Fujifilm X-Trans I (X-Pro1 + X-E1) Film Simulation Recipe: Kodachrome II

Storm Building Over Mountain Ridge – Farmington, UT – Fujifilm X-Pro1 – “Kodachrome II”

Kodachrome is probably the most iconic photographic film ever made. It was legendary, and many people saw the world through its colors. Kodak produced Kodachrome film from 1935 through 2009, when it was suddenly discontinued.

The Kodachrome name has been used for many different films over the years. The first Kodachrome product was a two-glass-plate color negative that was introduced in 1915. Like all other color photography methods of its time, the results weren’t particularly good and the product not especially successful.

In 1935 Kodak released its next Kodachrome, which was a color transparency film with an ISO of 10. This Kodachrome was the first color film that produced reasonably accurate colors and was the first commercially successful color film. It became the standard film for color photography for a couple decades, and was even Ansel Adams’ preferred choice for color work. The December 1946 issue of Arizona Highways, which was the first all-color magazine in the world, featured Barry Goldwater’s Kodachrome images.

Kodak made significant improvements to Kodachrome, and in 1961 released Kodachrome II. This film boasted more accurate colors, sharper images, finer grain, and a faster ISO of 25. While it was still similar to the previous Kodachrome, it was better in pretty much every way. A year later Kodachrome-X was introduced, which had an ISO of 64.

Neighborhood Flag – Farmington, UT – Fujifilm X-Pro1 – “Kodachrome II”

Another generation of Kodachrome, which came out in 1974, saw Kodachrome II replaced by Kodachrome 25 and Kodachrome-X replaced by Kodachrome 64. The differences between this version and the previous weren’t huge and image quality was very similar. The biggest change was going from the K-12 to the K-14 development process (which was a little less toxic and complex, but still toxic and complex). This generation of Kodachrome is what most people think of when they picture (pun intended) the film, gracing the pages of magazines like National Geographic.

While I’ve published a number of recipes with the Kodachrome name, I’ve never made one for X-Trans I because Classic Chrome is necessary to replicate the look, and X-Trans I doesn’t have Classic Chrome. Well, Thomas Schwab got himself a Fujifilm X-E1, and he figured out a pretty phenomenal Kodachrome facsimile using PRO Neg. Std! Unbelievable! It’s amazing how good this recipe looks considering that it doesn’t use Classic Chrome. The X-M1 doesn’t have PRO Neg. Std, so this recipe isn’t compatible with that camera, but if you have an X-E1 or X-Pro1, this one is sure to become an instant favorite! Thank you, Thomas, for creating and sharing this recipe!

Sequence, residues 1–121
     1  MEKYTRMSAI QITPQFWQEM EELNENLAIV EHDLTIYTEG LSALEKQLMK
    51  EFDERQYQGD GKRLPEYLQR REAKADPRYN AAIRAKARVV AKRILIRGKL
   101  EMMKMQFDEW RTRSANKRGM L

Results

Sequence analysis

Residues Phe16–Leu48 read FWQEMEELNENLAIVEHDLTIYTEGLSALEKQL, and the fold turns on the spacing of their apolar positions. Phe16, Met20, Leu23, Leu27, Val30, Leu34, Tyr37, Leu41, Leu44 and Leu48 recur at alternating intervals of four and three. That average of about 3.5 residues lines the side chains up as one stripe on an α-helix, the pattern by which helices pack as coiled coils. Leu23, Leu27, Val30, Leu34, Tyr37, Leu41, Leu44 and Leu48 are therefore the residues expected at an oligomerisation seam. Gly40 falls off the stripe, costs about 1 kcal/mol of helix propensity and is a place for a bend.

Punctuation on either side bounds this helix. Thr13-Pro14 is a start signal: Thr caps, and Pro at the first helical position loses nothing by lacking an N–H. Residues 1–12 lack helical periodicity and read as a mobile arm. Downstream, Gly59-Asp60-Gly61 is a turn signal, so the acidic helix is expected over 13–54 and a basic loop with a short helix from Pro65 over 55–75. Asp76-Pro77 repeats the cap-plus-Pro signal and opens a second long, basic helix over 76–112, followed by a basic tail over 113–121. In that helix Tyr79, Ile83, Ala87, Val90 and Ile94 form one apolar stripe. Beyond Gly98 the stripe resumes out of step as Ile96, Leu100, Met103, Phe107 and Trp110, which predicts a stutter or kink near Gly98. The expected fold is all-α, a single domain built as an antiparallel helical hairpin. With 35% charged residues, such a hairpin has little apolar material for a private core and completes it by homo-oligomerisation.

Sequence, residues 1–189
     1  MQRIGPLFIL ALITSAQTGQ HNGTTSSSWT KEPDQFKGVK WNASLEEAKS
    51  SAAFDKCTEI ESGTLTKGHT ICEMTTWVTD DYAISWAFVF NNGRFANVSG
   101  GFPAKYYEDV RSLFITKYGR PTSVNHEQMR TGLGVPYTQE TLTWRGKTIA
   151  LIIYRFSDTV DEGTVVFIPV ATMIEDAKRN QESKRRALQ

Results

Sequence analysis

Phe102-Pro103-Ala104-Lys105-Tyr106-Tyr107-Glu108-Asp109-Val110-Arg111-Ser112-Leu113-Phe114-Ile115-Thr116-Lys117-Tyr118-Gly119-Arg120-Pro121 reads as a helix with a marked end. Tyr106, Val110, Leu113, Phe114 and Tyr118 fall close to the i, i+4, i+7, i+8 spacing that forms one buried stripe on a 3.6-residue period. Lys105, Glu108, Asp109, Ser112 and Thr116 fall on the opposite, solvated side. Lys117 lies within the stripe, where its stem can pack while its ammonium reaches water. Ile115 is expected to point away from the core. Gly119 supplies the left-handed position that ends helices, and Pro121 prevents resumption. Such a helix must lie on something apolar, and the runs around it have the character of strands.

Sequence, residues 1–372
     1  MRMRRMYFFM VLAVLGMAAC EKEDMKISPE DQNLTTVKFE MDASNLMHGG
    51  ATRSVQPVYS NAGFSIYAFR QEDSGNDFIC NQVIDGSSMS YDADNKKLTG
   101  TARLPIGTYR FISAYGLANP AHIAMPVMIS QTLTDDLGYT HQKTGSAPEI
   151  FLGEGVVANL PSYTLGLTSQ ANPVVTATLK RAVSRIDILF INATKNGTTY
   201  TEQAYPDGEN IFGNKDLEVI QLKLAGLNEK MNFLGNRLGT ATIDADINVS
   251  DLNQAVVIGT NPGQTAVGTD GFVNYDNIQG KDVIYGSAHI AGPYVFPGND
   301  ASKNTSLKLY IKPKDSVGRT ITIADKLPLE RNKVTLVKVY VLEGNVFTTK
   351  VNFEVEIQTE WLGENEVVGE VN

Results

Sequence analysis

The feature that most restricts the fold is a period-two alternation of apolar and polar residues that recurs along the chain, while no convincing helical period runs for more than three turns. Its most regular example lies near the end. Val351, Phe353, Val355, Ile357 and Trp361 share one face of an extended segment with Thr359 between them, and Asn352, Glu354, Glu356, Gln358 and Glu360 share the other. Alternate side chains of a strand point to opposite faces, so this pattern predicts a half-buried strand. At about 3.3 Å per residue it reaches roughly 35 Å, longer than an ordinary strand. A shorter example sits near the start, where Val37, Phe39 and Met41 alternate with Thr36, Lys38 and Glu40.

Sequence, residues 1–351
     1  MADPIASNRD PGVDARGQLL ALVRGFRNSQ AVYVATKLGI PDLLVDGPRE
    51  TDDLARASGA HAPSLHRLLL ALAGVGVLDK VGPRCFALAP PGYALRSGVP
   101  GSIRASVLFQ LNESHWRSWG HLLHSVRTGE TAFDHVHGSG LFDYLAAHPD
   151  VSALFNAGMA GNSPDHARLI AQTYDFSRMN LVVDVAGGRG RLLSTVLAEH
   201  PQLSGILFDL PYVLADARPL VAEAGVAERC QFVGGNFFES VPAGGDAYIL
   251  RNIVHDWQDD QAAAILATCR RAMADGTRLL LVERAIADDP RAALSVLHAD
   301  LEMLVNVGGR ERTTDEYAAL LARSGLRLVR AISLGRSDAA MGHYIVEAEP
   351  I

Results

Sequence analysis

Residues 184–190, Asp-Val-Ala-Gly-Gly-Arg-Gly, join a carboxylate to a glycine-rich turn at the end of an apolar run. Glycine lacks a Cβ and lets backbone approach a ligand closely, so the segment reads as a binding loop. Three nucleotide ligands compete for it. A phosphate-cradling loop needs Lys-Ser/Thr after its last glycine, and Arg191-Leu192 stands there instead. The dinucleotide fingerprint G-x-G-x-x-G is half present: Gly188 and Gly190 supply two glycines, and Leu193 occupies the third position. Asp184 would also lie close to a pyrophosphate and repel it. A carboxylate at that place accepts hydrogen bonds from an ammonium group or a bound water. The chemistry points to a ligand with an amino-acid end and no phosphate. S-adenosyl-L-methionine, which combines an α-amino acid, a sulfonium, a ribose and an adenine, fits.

PRO Neg. Std
Dynamic Range: DR400
Highlight: +1 (Medium-High)
Shadow: +2 (High)
Color: -2 (Low)
Sharpness: +2 (Hard)
Noise Reduction: -2 (Low)
White Balance: Auto, +1 Red & -2 Blue
ISO: Auto, up to ISO 3200
Exposure Compensation: +1/3 to +2/3 (typically)

Example photographs, all camera-made JPEGs captured using this “Kodachrome II” film simulation recipe on my Fujifilm X-Pro1:

Cloud Building Behind Mountain – Farmington, UT – Fujifilm X-Pro1
Grass & Flowers – Farmington, UT – Fujifilm X-Pro1
Berry Bush – Farmington, UT – Fujifilm X-Pro1
Reddish Berries – Farmington, UT – Fujifilm X-Pro1
Sons for Mayor – Farmington, UT – Fujifilm X-Pro1
Top Stop – Centerville, UT – Fujifilm X-Pro1
Restroom Closed – Weber Canyon, UT – Fujifilm X-Pro1
Interstate 84 West – Uintah, UT – Fujifilm X-Pro1
Power Stop – Farmington, UT – Fujifilm X-Pro1
Five Buckets – Weber Canyon, UT – Fujifilm X-Pro1

Find these film simulation recipes and many more on the Fuji X Weekly — Film Recipes App!

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Fuji Features: Fujifilm X-Pro1 in 2021?

The Fujifilm X-Pro1 is nine-years-old. It was the very first interchangeable-lens X camera and also the first to have an X-Trans sensor. If it failed, this website and film simulation recipes probably wouldn’t exist. Thankfully, despite its shortcomings, people could see the potential, and the X-Pro1 was an instant hit.

My Fujifilm journey began with an X-E1, the X-Pro1’s little brother. I briefly shot with an X-Pro2, a camera that I loved. I never had an X-Pro1, but it’s a well-regarded camera, even today. The last Fuji Features article was entitled Fujifilm X-Pro3 in 2021, so I decided this week to find articles and videos about using the X-Pro1 in 2021.

Hopefully, you’ll find this post interesting, and it will help you get through another Hump Day. Maybe it will inspire you to add an old X-Pro1 to your camera collection. I did. More on that later.

The Phoblographer

The Inspired Eye

Daniel Ian